“I always wanted to record music that we could do live,” he says. “I never wanted to do something that you can’t do. So many times I’ve listened to an album for however long, got so used to that sound, really got excited to go see it and then there’s parts missing because they can’t replicate it live, or there’s not enough people there, that sort of thing. 

“So, I’ve always been along the lines of it should be as close to it as it can be. But, having said that, we do sound different live. It is a completely different beast, just because we get so into playing live and so excited that it inevitably becomes a bit more rowdy, a bit louder, a bit heavier in some places. We get excited to see people getting excited. That just escalates to the point where some of the soft bits aren’t so soft anymore, some of the heavy bits have gone a bit mad, that sort of thing.”

For Gender Roles, playing live is where it all began and what it’s all about. All the other stuff⁠—recording, rehearsing, real life—is just a means to an end. “We just really love playing live and if we could just do that we would,” Bennett continues. “But you’ve got to at some point stop, record something, make a video. You’ve got to go to work, you’ve got to practice. If we could, we’d just carry on consistently I think.”

They’ve taken every opportunity to hit the road, too, even if it’s with acts some may not consider to be in their wheelhouse, including support slots with Jamie Lenman, Pup, Milk Teeth, Indoor Pets, and Touché Amoré. “We really love the fact that we can bounce around. We’re probably the odd one out in a lot of places, that’s probably the easiest way I can put it,” Bennett says. “We’re down to hang with either side, up for meeting new people and I think we gel well with most bands. We’re cool to go anywhere really. Whoever asks we’ll go, that’s fine with us.”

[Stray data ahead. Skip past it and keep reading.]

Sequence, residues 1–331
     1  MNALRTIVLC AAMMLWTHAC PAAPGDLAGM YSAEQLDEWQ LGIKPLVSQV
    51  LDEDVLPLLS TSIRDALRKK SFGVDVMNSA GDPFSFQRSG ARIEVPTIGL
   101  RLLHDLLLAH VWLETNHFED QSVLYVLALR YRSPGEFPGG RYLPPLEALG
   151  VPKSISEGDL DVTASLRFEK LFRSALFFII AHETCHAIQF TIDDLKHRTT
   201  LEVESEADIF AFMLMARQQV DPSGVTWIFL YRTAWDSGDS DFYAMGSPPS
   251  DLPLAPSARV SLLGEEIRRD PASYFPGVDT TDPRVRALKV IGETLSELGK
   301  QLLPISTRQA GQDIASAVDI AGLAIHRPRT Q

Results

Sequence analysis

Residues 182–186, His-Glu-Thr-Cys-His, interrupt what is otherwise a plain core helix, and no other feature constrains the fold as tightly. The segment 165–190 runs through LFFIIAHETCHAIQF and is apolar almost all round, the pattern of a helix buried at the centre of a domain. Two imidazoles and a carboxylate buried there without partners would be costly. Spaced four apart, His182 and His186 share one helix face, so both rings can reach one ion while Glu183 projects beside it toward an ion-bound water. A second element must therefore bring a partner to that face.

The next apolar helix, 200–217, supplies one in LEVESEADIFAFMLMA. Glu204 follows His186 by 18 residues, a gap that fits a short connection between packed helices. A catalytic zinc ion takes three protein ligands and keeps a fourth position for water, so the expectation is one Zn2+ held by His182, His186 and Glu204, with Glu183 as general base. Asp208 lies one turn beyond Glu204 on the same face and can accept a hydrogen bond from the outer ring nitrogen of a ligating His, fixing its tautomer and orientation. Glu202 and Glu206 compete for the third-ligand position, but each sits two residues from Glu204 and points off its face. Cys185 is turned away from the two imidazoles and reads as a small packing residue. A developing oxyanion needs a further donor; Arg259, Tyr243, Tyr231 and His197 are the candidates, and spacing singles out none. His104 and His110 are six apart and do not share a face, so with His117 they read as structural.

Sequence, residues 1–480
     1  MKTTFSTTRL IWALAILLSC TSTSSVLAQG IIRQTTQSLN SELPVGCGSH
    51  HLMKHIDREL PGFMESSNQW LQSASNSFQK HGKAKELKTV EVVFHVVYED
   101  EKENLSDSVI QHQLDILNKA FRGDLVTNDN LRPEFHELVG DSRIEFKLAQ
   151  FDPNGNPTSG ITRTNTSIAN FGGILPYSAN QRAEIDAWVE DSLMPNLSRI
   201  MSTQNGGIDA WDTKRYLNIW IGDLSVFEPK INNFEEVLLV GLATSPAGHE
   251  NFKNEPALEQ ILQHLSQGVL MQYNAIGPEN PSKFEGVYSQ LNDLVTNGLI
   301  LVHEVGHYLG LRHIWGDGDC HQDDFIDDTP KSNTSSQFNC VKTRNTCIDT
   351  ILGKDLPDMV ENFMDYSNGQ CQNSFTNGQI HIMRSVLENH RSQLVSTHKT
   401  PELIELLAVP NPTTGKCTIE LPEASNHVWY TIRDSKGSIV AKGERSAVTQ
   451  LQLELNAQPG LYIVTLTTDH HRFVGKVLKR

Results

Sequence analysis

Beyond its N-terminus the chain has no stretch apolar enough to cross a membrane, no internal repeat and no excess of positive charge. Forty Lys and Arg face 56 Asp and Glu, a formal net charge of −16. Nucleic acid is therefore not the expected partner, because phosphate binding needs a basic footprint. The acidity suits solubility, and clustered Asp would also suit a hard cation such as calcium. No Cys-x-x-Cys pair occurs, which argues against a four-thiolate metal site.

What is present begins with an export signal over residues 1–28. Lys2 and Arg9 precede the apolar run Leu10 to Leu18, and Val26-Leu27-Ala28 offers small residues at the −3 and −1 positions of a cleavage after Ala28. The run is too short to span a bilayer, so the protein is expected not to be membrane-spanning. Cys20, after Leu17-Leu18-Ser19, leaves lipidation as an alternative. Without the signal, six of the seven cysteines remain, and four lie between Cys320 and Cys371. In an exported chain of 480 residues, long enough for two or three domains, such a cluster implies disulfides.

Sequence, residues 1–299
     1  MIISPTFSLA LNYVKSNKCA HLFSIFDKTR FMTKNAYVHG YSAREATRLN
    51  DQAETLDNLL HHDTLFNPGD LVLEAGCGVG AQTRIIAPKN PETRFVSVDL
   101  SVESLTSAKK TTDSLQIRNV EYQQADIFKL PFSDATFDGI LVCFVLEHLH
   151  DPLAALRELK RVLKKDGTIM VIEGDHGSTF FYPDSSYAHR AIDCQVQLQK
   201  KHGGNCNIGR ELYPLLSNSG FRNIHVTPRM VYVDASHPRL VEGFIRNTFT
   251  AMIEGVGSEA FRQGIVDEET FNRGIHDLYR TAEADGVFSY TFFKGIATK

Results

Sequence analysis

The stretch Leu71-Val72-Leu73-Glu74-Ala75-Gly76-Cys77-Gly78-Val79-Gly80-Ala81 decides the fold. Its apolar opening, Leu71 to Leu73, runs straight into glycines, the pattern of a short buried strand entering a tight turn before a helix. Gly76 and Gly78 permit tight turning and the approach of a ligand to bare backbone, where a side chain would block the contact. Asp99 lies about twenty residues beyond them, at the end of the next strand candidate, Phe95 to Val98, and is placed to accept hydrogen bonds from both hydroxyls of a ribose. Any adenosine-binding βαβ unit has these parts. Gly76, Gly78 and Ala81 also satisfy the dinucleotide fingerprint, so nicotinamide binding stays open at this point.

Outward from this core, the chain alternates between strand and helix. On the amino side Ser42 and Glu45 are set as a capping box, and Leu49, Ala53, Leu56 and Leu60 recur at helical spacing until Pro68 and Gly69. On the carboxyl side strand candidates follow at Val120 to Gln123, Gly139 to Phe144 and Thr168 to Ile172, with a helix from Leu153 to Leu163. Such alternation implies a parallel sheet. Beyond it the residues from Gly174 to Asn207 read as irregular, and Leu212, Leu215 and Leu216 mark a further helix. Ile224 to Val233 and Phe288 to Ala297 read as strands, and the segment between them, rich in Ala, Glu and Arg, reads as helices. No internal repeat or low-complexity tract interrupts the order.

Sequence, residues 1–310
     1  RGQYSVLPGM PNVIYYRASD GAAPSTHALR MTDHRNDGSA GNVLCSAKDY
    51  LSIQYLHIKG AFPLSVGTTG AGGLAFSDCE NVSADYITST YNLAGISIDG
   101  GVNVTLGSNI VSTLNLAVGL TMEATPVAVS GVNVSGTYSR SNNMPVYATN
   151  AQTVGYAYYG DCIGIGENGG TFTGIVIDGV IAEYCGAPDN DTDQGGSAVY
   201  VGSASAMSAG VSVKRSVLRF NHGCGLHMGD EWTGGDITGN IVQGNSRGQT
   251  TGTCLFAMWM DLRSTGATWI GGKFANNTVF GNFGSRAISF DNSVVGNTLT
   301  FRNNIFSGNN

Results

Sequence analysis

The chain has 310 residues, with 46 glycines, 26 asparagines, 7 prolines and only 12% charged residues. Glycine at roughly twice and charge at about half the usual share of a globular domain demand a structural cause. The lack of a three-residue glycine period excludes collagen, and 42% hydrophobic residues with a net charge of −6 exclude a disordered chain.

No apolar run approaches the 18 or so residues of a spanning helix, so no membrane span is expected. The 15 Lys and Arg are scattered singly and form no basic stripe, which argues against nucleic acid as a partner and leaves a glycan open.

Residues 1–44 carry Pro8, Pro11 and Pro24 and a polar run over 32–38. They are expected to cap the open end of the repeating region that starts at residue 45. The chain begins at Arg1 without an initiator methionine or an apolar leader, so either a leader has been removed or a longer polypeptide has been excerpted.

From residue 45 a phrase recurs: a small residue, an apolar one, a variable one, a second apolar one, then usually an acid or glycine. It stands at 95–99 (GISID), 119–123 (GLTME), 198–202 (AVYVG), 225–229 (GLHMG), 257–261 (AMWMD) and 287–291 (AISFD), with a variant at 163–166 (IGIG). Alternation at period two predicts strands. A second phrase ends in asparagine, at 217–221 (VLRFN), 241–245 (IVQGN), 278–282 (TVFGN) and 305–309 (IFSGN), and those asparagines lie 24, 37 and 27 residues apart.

There’s no need to wait for an invitation at the moment, as they’ve got their own headline UK shows in the diary for October. Bennett’s amiable attitude towards touring extends to their recent dalliance with mainstream radio, having garnered support from BBC Radio 1’s Huw Stephens and Annie Mac, who’ve both spun ‘Prang’ single Hey With Two Whys.  Though he makes it clear that Gender Roles have no chart aspirations, he’s refreshingly candid about what this sort of support means to an up-and-coming band.

“Yeah, it’s weird innit. I was buzzing,” he admits. “I rang my mum and told her. It’s odd. The type of music that we make, although we’ve got choruses, and I don’t mind saying we’ve got some catchy bits, you just don’t expect it to be on such an established, mainstream radio station. It’s just mad. It’s cool though, I like it. I hope it carries on.”

'Prang' is out on August 30 through Big Scary Monsters

Gender Roles Upcoming Tour Dates are as follows

Wed October 02 2019 - NORWICH Open
Thu October 03 2019 - LONDON Boston Music Room, Tufnell Park
Fri October 04 2019 - SOUTHAMPTON Heartbreakers
Sat October 05 2019 - BRISTOL Rough Trade
Sun October 06 2019 - NOTTINGHAM Rough Trade
Mon October 07 2019 - GLASGOW Attic
Tue October 08 2019 - SHEFFIELD Record Junkee
Wed October 09 2019 - LIVERPOOL Kazimier
Thu October 10 2019 - CARDIFF Clwb Ifor Bach
Fri October 11 2019 - PORTSMOUTH Wave Maiden
Sat October 12 2019 - BIRMINGHAM Victoria
Mon October 14 2019 - GUILDFORD Boileroom
Fri November 29 2019 - BRIGHTON Patterns